Insurance runs on business rules that frame decisions in a multitude of daily operations in Underwriting, Pricing, Claims, Verification, Customer Engagement, Up-selling, Cross-selling, Product Launch and Configuration, Audit, Policy Administration, etc. But managing business rules is challenging.
These rules are embedded into IT systems and business processes across the insurer's organization and their partners. You can't avoid changing them and the IT systems that they run on as you need to consider the following:
- New data points
- New edge cases
- New products and policies to be offered, customized and personalized
- New customer segments to be tested
- New risk categories
And the list goes on.
The high demand to create new rules and update existing ones across many processes and systems requires IT and development time. Specific skills and experience are needed to make these changes, too, and the frequency of change requests from different parts of the business results in delays in delivery. You often see teams fall back on manual administration and operation, which is inefficient and causes inconsistencies and inaccuracies that affect the customer experience.
Personalization is a critical strategy for insurers to ensure they can increase customer satisfaction by improving risk assessment and, enhancing customers' engagement based on every individual's circumstances, and mitigating the risk of bad reviews like the one above. Personalization becomes a key differentiator in a competitive market. However, the more personalization the provider offers, the more challenges related to modifying and introducing new business rules are exacerbated.
Creating and Modifying Business Rules is Hard
In the insurance industry, business rules have been automated and delivered by custom solutions hard-coded into IT systems. They are embedded into business process models and workflows (BPM) and even coded into RPA bots – layers of rules built over the years. In best-case scenarios, due to the nature of their implementation, business rules are hard-coded across many different IT systems or embedded into business process models (BPM). Changing business rules requires identifying where the specific rules are embedded or coded in the first place, which is a tough call.
Secondly, you can only modify them if you possess a technical background – creating or changing new rules is IT-driven. You rely on software developers, QAs, Project Managers, and of course, domain experts. A change request that looks small on paper becomes a big, time-consuming, and costly IT and software project. Because of the frequency and quantity of changes across different groups and teams, it becomes a catch-up game.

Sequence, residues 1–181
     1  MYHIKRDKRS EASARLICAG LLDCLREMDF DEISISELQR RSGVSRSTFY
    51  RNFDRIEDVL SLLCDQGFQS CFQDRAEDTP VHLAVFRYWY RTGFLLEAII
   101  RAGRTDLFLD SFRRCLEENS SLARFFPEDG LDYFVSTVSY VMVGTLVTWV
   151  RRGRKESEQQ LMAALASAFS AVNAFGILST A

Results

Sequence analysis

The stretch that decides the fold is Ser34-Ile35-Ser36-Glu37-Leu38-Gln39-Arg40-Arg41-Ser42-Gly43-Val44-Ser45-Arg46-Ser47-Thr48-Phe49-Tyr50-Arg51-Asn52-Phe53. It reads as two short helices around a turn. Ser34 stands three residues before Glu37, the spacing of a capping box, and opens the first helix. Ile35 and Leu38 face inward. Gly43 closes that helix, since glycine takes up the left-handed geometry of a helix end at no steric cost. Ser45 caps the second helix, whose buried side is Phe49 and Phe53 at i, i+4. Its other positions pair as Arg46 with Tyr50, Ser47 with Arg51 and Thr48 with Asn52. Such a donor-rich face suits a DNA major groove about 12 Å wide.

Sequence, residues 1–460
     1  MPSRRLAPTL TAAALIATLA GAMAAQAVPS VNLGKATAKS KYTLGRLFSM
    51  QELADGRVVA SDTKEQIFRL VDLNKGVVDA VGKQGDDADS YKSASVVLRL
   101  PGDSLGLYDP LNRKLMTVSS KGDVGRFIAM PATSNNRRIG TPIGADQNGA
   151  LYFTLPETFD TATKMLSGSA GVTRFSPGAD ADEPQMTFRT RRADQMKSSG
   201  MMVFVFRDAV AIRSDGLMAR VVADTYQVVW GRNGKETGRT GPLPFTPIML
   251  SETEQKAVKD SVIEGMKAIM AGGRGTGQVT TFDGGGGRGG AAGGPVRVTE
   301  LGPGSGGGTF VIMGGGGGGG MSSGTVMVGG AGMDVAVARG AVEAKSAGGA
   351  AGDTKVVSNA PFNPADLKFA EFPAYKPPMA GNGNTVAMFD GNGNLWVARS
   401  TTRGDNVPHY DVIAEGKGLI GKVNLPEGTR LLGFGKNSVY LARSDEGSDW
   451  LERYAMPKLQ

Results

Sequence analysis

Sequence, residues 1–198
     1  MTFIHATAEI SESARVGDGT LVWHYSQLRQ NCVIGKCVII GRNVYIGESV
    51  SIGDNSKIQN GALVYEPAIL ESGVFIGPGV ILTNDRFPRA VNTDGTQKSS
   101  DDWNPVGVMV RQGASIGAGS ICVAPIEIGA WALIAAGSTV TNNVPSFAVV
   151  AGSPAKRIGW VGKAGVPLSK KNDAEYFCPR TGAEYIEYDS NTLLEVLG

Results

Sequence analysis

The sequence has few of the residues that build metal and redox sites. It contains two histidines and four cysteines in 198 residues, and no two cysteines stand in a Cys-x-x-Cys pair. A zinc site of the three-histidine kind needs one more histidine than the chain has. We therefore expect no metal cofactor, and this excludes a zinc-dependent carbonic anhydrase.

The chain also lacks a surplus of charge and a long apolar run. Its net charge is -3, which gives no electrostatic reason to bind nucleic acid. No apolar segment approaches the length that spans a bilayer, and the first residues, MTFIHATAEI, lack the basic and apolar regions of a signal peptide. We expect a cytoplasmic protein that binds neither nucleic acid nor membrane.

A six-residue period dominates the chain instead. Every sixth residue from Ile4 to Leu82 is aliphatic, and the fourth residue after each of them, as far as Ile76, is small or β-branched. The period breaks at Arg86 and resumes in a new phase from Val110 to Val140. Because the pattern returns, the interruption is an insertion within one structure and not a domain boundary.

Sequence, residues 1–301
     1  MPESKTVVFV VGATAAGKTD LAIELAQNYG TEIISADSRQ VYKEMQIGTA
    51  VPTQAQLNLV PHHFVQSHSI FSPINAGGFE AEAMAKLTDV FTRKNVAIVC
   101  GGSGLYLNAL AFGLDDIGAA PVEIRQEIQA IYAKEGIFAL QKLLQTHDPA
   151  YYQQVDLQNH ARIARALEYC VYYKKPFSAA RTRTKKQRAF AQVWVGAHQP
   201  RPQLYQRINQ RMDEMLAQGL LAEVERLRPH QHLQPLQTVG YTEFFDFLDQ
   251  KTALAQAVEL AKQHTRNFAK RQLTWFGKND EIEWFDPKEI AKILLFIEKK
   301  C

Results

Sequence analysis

The manual approach is not for free either
Alternatively, there are scenarios when business rules are not built into IT systems, workflows, and process models. They are sitting in PDF documents and Excel files for manual calculation and shaping of judgments. The challenge is that only some use the latest version of those documents. Even if they do, the decision is based on personal interpretation of the rules. Manual tasks are prone to errors and inconsistencies, making managing business rules even harder.
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Quality is particularly important for insurance providers. The bad quality of business rules results in customer dissatisfaction, complaints, regulatory issues, fines, bad reputation in a competitive market, and loss of market shares. Ensuring what is changed and how it is changed should be looked at very carefully. Business Rule changes should be tracked. Understanding the required changes and applying them should be carried out by the business.
Additionally, understanding and measuring the impact of change is critical. What policyholders are impacted and how? What line of revenue increases or decreases? What portfolios are affected because of a potential change?
Once the IT systems are changed, and new rules are embedded into process models, workflows, and RPA bots, it becomes very hard to put all these changes back into the business operation. DevOps tasks are not easy; operationalizing rules across all business operations for all related use-cases and ongoing and new processes is not an overnight rollout nor a risk-free exercise. This is a concern for operational leaders managing business rules.
Transparency is Key
Once everything is up and running and systems are in place and serving customers and consumers well, business transparency is key for all stakeholders. At any given time, it should be very clear how a decision is made. Decisions should be auditable.
For instance, how is the pricing of a product formulated, and what are the contributing factors? Why and under what circumstances is a discount applied? Why is a claim rejected? What are the eligible products of a potential client? What are the risks and rates for a specific individual, and why?
This transparency serves both internal stakeholders as well as the clients and partners. It brings explainability and the ability to track and understand why exactly an outcome of a decision is what has been made.
Published November 17th, 2023 at 01:34 pm
CEO and the founder of FlexRule – He is an expert in architecture, design, and implementation of operational decisions, business rules, and process automation. Created Decision-Centric Approach, a methodology that brings People, Data, Rules, and Processes together to automate operational business decisions.
This approach is recognized by Gartner as the missing link to provide business value to organizations.